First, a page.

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J Neurovirol. 2008 Jan;14(1):28-40. doi: 10.1080/13550280701769999.

Neurovirulent factor ICP34.5 uniquely expressed in the herpes simplex virus type 1 Delta gamma 1 34.5 mutant 1716.

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Division of Virology, Institute of Biomedical and Life Sciences, University of Glasgow, Glasgow, Scotland, UK.


The herpes simplex virus type 1 (HSV-1) diploid gene gamma(1)34.5 encodes a neurovirulent factor, infected cell protein 34.5 (ICP34.5). The promoter to gamma(1)34.5 is located within the HSV-1 genome where there are repeated sequences. This region of the genome also contains important overlapping transcripts involved with the virus's ability to establish lytic and latent infections and reactivation. These transcripts include the latency-associated transcripts and regulator proteins ICP0 and ICP4. This study aimed to separate ICP34.5 from these overlapping transcripts and test if its expression from a single gene could restore wild-type HSV-1 strain 17+ virulence. To address these aims, different recombinant viruses were constructed using the Delta gamma(1)34.5 mutant 1716. Immunoblots probed with different ICP34.5 antisera demonstrated that one of the newly generated recombinant viruses, 1622, overexpresses ICP34.5 relative to a panel of wild-type viruses. Interestingly, the overexpression of ICP34.5 does not yield a more virulent virus. The onset of ICP34.5 expression from 1622-infected cells in vitro matched that of 17+, and its expression restored the function of maintaining protein synthesis in human neuroblastoma cells. Replication of 1622, however, was only partially restored to 17+ levels in vivo. Additionally, plaque morphology from 1622-infected cells indicates there is an additional defect. The authors report that the mutant virus 1622 can express ICP34.5 from a single gamma(1)34.5 gene and restore most (but not all) wild-type function. These findings are discussed with respect to the use of the gamma(1)34.5 deleted mutant, 1716, in oncolytic viral vector therapies and future studies for ICP34.5.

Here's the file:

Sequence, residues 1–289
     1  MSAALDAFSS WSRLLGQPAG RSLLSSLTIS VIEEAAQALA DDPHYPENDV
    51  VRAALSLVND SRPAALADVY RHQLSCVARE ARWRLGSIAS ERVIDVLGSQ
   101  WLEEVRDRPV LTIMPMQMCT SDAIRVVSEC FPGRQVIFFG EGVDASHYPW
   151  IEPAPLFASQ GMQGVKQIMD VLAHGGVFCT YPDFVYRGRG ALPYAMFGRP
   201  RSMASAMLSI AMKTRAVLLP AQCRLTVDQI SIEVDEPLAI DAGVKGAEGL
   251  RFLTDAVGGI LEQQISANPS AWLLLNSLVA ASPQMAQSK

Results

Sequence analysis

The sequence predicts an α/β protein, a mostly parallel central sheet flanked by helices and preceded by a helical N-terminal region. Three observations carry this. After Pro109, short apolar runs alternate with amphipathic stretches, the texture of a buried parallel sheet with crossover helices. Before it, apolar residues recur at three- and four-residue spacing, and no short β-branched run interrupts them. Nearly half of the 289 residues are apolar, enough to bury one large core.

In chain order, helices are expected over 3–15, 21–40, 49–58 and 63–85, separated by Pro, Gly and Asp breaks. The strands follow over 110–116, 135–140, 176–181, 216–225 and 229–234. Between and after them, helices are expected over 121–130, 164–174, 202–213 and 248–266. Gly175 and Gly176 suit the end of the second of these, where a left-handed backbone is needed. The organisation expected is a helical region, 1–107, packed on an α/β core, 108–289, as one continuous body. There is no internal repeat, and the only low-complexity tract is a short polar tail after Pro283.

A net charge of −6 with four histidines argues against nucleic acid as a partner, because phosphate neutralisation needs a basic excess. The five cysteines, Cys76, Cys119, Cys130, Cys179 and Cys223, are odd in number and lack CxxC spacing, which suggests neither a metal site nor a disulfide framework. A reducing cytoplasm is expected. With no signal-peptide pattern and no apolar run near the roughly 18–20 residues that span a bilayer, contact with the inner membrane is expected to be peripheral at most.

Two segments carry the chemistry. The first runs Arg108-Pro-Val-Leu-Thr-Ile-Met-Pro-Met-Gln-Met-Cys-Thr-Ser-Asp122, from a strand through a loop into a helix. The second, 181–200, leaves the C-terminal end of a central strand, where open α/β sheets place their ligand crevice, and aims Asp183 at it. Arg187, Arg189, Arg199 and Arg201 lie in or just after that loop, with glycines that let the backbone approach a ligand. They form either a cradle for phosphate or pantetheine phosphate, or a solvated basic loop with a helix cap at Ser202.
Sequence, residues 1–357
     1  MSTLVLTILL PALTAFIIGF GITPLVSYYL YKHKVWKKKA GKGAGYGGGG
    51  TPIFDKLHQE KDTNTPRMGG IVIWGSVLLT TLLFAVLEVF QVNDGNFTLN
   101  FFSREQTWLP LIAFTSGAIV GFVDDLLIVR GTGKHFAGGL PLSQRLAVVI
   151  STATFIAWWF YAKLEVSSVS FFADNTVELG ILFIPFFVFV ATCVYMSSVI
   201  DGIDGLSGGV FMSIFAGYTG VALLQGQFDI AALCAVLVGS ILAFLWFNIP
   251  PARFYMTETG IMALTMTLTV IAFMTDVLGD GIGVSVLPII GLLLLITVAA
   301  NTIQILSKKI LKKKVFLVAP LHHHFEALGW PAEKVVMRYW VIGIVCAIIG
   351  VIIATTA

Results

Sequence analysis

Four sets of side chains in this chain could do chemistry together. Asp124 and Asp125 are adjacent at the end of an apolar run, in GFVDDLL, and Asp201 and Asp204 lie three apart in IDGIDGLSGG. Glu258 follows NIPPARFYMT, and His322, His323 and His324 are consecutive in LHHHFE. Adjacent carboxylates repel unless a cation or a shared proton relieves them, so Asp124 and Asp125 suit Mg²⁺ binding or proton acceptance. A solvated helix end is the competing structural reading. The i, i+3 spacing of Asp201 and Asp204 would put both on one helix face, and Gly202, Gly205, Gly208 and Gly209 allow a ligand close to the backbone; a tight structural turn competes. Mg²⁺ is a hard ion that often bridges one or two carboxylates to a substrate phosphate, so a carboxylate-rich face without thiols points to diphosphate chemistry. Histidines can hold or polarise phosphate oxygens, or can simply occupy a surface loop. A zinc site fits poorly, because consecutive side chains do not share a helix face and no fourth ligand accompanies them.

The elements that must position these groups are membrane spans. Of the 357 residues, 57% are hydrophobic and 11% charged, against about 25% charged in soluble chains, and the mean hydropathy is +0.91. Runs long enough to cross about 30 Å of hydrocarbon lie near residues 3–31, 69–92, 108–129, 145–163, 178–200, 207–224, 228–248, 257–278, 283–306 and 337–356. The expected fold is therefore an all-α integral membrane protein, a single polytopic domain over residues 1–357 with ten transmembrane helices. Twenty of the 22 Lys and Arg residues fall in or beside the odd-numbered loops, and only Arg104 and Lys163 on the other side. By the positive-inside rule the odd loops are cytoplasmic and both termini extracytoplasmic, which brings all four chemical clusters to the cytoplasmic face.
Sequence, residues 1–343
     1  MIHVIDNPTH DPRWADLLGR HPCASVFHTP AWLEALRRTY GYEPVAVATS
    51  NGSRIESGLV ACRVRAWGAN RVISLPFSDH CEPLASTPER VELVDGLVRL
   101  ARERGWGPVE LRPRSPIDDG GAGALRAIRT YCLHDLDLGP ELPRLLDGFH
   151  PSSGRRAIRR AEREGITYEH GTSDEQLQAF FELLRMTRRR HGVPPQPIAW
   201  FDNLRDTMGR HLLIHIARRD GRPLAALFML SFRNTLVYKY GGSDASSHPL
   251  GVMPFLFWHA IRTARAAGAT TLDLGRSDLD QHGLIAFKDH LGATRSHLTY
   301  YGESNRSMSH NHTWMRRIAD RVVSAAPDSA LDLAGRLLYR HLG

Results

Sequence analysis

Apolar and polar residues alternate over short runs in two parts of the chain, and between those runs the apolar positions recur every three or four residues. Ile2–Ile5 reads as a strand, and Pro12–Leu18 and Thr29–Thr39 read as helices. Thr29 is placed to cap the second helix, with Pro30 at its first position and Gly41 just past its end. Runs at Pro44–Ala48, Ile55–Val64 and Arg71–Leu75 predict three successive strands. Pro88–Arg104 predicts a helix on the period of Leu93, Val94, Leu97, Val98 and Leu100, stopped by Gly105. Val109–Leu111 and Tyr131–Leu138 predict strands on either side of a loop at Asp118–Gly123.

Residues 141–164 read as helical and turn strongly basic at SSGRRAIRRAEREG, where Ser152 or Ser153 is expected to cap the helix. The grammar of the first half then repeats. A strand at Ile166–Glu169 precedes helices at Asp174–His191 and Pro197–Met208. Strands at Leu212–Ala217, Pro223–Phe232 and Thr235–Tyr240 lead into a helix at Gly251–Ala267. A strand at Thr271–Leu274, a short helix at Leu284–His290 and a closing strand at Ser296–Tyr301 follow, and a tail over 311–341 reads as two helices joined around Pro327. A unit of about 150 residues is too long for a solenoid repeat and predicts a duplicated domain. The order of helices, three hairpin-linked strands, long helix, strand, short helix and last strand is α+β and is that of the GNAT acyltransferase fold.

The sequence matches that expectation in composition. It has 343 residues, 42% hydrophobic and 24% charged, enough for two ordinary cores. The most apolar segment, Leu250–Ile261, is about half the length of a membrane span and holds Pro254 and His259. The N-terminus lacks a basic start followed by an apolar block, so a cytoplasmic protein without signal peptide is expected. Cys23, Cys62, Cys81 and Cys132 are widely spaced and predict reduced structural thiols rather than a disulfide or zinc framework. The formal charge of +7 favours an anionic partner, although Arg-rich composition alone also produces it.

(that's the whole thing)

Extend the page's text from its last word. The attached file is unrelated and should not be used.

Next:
[Indexed for MEDLINE]

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